Dashing through the snow… with NORAD and Google

December 23, 2010 Leave a comment

By: Chris Nguyen

(Cross-posted from the Google Mobile Blog)

Every Christmas Eve, children all over the world ask themselves—and their parents—questions about Santa’s magical journey. How does Santa visit so many children in one night? Will he eat the cookies I left out? How does he fit all those presents into his sleigh? These childhood mysteries are part of what makes the Santa tradition so special.

There’s one timeless question that we’re proud to say we can help answer: Where in the world is Santa at this very moment? Thanks in part to recent advances in warp-speed GPS technology and some very clever elves (elveneering?) NORAD Tracks Santa is once again prepped and ready to go.

Starting tomorrow, December 24 at 2:00am EST, visit www.noradsanta.org to follow Santa as he journeys around the world delivering presents to children in more than 200 countries and territories. There are a few different ways to find the jolly old man in his unmistakable red suit over the course of the day, so feel free to track him using any of the following methods:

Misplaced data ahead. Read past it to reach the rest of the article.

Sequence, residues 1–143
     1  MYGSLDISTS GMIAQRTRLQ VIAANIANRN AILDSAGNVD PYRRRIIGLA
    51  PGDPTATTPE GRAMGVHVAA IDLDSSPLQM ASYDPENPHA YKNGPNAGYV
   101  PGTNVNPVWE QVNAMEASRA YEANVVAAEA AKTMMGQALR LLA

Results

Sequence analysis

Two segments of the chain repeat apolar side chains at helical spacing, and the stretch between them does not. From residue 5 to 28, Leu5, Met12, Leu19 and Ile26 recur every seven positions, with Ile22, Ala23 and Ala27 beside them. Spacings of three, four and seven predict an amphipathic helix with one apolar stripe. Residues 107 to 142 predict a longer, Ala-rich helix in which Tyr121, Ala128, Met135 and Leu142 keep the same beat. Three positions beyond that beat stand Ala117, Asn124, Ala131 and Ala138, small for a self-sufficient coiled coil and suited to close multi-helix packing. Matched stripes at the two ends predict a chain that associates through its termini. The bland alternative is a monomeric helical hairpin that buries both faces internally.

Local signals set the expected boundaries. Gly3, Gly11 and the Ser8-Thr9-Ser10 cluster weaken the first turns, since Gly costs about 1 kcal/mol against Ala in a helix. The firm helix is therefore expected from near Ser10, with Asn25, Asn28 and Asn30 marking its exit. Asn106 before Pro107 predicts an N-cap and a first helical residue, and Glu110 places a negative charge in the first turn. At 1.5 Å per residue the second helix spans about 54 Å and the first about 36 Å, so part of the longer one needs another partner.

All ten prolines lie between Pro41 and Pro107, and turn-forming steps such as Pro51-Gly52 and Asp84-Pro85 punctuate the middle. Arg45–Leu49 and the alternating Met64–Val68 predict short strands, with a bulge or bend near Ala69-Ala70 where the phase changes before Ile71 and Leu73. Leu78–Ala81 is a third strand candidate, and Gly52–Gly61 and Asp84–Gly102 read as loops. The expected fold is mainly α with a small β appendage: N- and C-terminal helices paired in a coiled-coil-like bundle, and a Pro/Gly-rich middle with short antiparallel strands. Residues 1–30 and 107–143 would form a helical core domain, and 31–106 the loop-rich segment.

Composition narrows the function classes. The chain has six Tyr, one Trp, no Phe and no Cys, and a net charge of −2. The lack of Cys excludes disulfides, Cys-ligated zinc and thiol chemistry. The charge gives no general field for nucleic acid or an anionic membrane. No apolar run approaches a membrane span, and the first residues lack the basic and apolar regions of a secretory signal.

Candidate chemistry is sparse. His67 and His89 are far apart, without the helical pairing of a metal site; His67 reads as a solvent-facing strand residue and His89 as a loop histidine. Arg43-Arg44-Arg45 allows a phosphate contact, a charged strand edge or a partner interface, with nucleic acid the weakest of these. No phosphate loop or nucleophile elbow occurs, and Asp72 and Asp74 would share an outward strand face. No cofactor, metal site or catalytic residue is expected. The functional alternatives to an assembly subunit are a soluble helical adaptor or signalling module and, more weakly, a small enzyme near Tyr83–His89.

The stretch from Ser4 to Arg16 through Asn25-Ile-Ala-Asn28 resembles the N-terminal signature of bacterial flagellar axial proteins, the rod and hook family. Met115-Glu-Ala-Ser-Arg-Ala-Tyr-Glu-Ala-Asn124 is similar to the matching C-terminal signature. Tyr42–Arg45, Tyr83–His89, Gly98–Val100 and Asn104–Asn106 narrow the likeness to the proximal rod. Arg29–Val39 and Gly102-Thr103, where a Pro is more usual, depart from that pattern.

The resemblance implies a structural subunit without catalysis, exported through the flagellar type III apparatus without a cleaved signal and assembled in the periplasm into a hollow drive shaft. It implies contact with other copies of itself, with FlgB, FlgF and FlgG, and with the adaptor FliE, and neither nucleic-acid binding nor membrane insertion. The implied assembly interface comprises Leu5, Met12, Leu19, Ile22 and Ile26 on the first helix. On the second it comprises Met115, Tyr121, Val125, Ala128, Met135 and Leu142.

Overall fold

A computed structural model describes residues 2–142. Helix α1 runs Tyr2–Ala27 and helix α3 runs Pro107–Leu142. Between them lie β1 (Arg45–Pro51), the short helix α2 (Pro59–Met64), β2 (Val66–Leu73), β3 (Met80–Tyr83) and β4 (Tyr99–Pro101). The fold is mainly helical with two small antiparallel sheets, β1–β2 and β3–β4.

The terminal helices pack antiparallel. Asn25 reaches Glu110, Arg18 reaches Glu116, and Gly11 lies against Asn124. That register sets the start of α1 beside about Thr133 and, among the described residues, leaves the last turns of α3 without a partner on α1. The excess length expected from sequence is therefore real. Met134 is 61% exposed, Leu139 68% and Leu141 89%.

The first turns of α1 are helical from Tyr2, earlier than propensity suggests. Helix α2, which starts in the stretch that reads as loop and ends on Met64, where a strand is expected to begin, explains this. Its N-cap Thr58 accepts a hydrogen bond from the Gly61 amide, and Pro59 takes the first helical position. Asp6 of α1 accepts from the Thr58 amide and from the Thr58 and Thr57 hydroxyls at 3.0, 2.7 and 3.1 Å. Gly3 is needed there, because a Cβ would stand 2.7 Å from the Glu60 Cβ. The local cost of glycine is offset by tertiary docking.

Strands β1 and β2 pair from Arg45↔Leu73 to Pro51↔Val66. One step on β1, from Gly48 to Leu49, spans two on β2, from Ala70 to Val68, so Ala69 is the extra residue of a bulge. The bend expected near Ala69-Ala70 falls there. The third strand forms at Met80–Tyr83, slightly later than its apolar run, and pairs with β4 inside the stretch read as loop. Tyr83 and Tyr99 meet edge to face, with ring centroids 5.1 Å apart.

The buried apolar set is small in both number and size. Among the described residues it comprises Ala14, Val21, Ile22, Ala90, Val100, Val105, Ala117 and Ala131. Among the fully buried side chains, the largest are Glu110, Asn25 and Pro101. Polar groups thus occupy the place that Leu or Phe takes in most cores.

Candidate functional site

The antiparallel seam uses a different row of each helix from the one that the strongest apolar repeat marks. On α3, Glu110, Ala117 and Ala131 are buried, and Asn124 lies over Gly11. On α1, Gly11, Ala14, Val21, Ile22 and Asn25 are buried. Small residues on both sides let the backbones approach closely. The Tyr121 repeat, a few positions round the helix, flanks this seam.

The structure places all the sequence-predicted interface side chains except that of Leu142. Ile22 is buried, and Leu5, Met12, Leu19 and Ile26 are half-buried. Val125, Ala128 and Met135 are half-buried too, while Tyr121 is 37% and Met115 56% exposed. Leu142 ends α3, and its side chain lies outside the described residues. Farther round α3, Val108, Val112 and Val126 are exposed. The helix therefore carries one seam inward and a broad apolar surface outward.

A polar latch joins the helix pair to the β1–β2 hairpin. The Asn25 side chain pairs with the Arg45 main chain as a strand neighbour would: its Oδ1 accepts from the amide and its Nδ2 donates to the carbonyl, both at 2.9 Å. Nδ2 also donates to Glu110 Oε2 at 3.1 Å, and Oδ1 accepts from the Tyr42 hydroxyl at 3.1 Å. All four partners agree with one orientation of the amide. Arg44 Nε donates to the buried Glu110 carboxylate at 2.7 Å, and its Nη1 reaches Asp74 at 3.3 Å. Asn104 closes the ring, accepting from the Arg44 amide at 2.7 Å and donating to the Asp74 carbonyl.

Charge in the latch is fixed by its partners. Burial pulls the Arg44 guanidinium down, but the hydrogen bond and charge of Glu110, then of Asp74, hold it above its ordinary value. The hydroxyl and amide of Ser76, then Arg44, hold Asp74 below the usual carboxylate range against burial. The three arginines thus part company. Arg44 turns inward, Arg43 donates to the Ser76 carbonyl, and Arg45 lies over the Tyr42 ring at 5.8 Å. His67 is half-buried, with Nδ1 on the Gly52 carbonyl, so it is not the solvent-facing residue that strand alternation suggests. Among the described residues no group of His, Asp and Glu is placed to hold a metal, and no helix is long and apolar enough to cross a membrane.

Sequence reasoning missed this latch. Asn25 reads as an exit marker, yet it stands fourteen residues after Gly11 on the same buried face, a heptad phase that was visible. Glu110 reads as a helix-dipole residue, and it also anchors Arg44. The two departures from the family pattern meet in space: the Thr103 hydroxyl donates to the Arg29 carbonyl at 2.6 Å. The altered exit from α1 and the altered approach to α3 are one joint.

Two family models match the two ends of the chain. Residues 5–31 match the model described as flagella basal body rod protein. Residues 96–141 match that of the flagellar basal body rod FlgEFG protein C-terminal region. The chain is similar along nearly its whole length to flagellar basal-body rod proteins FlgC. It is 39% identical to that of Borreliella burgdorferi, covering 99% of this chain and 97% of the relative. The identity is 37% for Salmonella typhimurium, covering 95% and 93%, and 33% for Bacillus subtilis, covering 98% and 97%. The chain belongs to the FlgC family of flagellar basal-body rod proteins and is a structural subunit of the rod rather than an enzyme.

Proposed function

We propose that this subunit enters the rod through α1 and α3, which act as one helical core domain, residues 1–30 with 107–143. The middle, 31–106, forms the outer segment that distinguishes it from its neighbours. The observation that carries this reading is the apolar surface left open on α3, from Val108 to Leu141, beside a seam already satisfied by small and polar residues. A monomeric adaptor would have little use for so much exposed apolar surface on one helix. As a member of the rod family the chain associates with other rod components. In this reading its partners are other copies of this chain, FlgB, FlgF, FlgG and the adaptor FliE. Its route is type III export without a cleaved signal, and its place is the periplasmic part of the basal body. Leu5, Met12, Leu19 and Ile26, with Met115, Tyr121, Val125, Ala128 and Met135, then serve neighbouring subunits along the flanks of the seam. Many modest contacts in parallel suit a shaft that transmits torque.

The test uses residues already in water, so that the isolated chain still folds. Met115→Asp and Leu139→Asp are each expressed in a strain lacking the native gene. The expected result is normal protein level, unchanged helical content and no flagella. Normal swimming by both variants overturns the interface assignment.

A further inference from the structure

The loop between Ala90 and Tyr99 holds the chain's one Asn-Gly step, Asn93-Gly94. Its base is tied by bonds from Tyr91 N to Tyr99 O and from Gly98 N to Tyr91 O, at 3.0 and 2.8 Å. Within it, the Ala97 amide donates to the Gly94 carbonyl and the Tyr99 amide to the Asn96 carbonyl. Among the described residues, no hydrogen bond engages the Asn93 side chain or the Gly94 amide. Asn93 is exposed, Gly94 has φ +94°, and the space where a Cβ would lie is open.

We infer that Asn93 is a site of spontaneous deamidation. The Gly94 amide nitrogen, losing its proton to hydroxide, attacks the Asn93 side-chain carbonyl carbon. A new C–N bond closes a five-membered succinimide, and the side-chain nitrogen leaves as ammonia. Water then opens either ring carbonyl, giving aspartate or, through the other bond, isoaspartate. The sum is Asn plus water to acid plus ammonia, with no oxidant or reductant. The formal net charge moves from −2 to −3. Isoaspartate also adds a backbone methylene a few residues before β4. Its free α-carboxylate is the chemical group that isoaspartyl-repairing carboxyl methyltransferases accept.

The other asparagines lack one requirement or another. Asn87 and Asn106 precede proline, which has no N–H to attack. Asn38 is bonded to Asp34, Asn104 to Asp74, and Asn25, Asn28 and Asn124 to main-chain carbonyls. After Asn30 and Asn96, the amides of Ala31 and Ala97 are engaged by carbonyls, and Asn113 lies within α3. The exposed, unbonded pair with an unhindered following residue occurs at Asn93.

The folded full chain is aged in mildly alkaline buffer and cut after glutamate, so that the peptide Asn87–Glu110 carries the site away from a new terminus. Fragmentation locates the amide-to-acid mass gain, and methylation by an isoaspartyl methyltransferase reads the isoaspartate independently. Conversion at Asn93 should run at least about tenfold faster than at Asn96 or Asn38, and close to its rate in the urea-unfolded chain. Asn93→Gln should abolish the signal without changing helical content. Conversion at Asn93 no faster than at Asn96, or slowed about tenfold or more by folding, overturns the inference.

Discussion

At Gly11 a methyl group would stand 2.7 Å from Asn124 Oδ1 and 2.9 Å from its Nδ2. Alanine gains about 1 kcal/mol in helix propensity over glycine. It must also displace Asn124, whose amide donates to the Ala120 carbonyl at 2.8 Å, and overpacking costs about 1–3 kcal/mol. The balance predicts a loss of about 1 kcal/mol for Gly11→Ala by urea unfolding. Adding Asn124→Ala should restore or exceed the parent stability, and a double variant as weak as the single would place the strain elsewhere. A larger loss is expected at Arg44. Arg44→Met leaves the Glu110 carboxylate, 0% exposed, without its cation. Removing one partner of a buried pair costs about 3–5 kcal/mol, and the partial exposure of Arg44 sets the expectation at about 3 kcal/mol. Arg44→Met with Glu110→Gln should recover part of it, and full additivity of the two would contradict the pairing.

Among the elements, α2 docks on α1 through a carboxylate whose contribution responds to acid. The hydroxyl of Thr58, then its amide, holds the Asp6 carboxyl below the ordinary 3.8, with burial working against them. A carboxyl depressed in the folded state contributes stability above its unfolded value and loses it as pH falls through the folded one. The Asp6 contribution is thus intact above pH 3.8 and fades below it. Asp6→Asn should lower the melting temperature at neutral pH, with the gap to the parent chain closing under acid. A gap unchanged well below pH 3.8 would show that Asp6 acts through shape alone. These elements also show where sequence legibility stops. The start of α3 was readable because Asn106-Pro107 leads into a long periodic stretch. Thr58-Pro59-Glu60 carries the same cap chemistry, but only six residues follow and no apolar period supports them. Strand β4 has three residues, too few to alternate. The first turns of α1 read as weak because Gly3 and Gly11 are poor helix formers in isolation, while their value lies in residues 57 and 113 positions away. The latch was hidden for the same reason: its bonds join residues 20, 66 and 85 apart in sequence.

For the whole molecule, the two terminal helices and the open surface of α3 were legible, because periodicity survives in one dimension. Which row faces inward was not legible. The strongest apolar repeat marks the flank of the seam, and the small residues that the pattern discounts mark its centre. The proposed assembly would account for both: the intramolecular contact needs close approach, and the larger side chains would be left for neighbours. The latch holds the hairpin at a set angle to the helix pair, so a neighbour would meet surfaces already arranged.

• See Santa on a Google Map: On your home computer or laptop, visit www.noradsanta.org and choose your preferred language. You’ll see a large Google Map on the page displaying Santa’s current location and his next stop. Click the video icons to watch “Santa Cam” videos, and click the gift icons to learn more about each city.
  • Watch Santa fly with the Google Earth Plug-in: From www.noradsanta.org, click on the link Track Santa in Google Earth. You’ll see Santa steering his sleigh right on the webpage. If you don’t have the Google Earth plug-in, you can get ready by downloading it ahead of time.
  • Follow Santa on your phone: Track Santa from your mobile phone by opening Google Maps for mobile and searching for [santa]. Or, visit m.noradsanta.org on your phone’s browser.
  • Subscribe to his YouTube channel: Santa’s home on YouTube is at http://www.youtube.com/noradtrackssanta. That’s where you can find videos from his journey throughout the night.
  • Get real-time information about Santa’s location: Use Google’s Realtime Search to get updates from social networks, news and micro-blogs like Twitter at @noradsanta, and keep up with news about his journey on this Facebook page.

For any techie questions you might have, we’ve also put together some helpful tips and tricks about all the cool ways you can experience Santa’s journey. Now that you know how to follow Saint Nick on Christmas Eve, it’s our tradition to tell the story of how this all started…